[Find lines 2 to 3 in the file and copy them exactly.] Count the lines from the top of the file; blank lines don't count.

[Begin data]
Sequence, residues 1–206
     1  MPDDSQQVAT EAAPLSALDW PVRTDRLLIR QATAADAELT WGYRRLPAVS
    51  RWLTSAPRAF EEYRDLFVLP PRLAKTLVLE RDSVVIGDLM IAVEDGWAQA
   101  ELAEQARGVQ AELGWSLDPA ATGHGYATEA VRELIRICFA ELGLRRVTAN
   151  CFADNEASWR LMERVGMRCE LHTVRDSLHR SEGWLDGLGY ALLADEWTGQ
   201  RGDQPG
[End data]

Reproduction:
     1  MPDDSQQVAT EAAPLSALDW PVRTDRLLIR QATAADAELT WGYRRLPAVS
    51  RWLTSAPRAF EEYRDLFVLP PRLAKTLVLE RDSVVIGDLM IAVEDGWAQA